Noah Frick-Alofs/Daily Senior Staffer
STANFORD, Calif. — With 10:38 remaining in the first quarter, Northwestern’s contingent of fans erupted in cheers at the sight of Hunter Johnson on the field.
It was a loud roar nine months in the making. From the moment Clayton Thorson stepped off the field for the final time as a Wildcat, it was expected that the redshirt sophomore transfer would take the reigns at the quarterback.
Despite the lofty expectations, it wasn’t confirmed that Johnson would be the starter until right before kickoff when NU’s football account tweeted a video of his highlights at 12:58 p.m. — one minute before Fitz had promised the fans.
While Johnson played the first series of the game, both he and TJ Green took snaps under center and Johnson put together one of the worst performances by a quarterback in recent memory: 6-for-17, 55 yards, zero touchdowns and three turnovers. He looked lost on offense while Green, who Johnson’s been competing with all offseason, was in control from the moment he stepped on the field in the second quarter.
In two series, Green was 6-for-10 with 62 yards passing and moved Northwestern into Stanford territory on both possessions, before he fumbled the ball and got injured on the first drive of the second half.
Because of Green’s injury, Johnson essentially played the whole game, but that wasn’t the team’s plan. Green was a temporary placeholder, but not the long-term plan.
Hindsight is 20/20 but regardless of Johnson’s struggles and Green’s success, the Clemson transfer should have played the entire game.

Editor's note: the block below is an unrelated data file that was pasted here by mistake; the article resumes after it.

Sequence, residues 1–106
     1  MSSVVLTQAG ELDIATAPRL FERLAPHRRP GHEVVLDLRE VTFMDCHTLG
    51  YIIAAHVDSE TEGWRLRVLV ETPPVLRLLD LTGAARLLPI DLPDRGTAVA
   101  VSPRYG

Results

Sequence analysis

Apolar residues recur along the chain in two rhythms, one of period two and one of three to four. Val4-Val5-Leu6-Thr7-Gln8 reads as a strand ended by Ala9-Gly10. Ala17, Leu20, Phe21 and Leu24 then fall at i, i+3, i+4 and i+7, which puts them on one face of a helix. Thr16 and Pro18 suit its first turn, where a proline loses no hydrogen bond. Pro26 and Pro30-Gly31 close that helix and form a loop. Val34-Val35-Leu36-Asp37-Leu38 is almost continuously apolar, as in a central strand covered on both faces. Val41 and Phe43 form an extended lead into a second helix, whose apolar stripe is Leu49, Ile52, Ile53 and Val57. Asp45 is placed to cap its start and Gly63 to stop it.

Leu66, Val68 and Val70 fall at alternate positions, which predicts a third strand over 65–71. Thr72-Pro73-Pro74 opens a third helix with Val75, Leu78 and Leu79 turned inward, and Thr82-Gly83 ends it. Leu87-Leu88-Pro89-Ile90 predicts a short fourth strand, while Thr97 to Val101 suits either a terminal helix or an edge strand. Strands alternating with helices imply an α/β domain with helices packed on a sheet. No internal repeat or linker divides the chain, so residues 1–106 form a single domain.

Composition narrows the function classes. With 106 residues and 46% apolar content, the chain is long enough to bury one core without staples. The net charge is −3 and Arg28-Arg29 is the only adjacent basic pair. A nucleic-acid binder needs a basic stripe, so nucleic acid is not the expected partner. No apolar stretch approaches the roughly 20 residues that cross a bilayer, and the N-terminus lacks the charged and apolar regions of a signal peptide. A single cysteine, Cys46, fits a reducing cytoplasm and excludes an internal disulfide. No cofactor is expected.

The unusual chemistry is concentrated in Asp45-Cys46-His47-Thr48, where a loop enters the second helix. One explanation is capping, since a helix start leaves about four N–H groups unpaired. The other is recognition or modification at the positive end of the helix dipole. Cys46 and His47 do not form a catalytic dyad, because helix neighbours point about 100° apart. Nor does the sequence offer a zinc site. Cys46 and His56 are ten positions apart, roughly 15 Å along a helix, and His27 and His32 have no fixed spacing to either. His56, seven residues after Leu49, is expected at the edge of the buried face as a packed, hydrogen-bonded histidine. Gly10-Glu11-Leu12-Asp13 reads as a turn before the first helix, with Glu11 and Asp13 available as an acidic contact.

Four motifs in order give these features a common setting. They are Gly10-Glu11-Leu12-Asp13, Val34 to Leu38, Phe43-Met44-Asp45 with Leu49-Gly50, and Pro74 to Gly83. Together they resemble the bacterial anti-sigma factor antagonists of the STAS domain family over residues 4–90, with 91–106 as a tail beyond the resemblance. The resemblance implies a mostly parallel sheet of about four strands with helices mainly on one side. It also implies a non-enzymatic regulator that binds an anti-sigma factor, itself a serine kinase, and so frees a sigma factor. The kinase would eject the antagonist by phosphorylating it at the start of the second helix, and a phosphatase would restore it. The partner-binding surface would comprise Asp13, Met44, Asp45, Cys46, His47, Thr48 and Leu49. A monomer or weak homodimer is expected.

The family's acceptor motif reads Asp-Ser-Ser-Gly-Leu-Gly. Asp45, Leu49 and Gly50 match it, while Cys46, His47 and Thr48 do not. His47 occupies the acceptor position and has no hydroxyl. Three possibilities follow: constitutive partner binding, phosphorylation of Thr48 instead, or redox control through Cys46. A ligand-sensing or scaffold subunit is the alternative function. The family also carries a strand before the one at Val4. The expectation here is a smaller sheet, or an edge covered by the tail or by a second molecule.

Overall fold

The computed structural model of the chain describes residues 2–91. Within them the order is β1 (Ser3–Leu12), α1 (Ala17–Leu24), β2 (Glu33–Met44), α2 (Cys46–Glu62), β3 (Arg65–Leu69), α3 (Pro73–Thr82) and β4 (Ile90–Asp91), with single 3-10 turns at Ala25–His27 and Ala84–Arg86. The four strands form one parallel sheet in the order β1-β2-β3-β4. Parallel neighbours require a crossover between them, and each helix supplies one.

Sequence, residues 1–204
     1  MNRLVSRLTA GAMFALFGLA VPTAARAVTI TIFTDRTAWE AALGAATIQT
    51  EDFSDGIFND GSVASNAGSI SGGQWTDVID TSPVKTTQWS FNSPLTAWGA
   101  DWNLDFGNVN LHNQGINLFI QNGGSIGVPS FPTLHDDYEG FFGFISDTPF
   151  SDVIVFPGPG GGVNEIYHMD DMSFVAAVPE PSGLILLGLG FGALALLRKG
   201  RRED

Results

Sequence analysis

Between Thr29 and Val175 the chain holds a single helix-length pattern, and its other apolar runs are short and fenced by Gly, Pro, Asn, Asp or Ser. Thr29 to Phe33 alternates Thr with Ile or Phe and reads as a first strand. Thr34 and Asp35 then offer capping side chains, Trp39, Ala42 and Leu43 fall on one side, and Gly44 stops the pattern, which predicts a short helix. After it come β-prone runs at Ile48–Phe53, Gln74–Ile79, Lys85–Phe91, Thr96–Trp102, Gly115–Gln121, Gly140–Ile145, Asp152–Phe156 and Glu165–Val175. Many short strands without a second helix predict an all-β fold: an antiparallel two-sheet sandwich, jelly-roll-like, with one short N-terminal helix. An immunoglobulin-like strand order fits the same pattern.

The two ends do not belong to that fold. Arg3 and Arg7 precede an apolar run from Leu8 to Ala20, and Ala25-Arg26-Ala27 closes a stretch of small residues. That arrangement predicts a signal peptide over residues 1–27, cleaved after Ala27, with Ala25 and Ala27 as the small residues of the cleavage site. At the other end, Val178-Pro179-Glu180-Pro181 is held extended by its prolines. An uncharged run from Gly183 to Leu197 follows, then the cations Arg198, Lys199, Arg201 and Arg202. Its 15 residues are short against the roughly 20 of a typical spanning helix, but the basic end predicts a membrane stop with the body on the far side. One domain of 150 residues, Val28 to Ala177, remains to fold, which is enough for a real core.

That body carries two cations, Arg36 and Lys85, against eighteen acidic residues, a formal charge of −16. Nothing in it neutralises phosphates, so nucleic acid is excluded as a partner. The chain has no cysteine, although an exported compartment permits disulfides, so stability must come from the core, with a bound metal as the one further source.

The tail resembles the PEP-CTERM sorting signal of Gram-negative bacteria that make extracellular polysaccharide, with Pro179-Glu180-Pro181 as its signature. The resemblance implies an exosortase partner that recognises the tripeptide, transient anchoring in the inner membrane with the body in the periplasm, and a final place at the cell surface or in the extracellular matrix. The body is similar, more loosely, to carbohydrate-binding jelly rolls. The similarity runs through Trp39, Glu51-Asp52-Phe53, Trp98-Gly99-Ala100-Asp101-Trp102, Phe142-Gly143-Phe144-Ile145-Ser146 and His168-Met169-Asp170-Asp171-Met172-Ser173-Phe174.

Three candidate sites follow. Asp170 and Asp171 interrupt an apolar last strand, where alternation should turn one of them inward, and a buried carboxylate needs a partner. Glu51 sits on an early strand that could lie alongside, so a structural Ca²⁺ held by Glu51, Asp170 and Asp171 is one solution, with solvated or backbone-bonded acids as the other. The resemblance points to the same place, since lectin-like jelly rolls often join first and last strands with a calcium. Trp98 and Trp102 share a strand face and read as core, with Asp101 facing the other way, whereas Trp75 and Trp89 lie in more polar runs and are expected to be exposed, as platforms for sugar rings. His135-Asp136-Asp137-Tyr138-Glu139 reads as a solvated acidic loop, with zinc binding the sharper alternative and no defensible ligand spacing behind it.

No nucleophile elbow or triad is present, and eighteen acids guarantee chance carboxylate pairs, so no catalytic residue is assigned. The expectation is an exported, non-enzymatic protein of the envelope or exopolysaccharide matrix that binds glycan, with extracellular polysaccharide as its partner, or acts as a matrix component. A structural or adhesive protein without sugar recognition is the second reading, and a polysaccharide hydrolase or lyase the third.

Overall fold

Based on Saturday’s performance, that statement doesn’t make a lot of sense, but the Cats’ future starts and ends with No. 15.
There have been reports all offseason that Johnson struggled to grasp the offensive scheme, while Green’s experience gave him the edge when it came to understanding the playbook — something offensive coordinator Mick McCall emphasized as crucially important. On Saturday, it seemed like NU had a limited playbook for Johnson, a series of runs and short throws, while Green had access to the full array of plays and looked the part.
The way Johnson played Saturday, it makes me wonder if Johnson would’ve been better off with all of the first team reps so he could understand the offense even more. Postgame, Johnson said the differences in play calling was just a result of the flow of the offense, but it certainly didn’t seem like it.
Whether the offense was changed or not, if Johnson is expected to be the quarterback that the Cats want him to be for the next three seasons, NU should have let him go through the growing pains of adjusting to the new offense without switching him out or changing the playbook.
Look at it like this: If a teacher has a set of information that they want a student to learn, they teach it to the student and the best way to see if the student grasps the information is to test them on it.
The same applies to playing Hunter Johnson. Mick McCall and the staff taught the offense to him and they should’ve thrown him into the fire for the whole game. What good does it do to let someone with loads of potential sit on the bench and not practice what they learned?
Every year, NU sets goals. Last year, it was to win the Big Ten West and this year, to win the Big Ten. The Cats could be headed down the right road to get back to Indianapolis.
Johnson should’ve been leading the Cats down that road, thrown into the driver’s seat, with Fitzgerald and McCall knowing there would be bumps in the road like today. But now that they are being forced to give Johnson the keys, this will bode well for the Cats as they reach high in hopes of leaving Indianapolis with a Big Ten Championship someday — even as ugly as today was.
Andrew Golden is a Medill junior. He can be contacted at firstname.lastname@example.org. If you would like to respond publicly to this column, send a Letter to the Editor to email@example.com. The views expressed in this piece do not necessarily reflect the views of all staff members of The Daily Northwestern.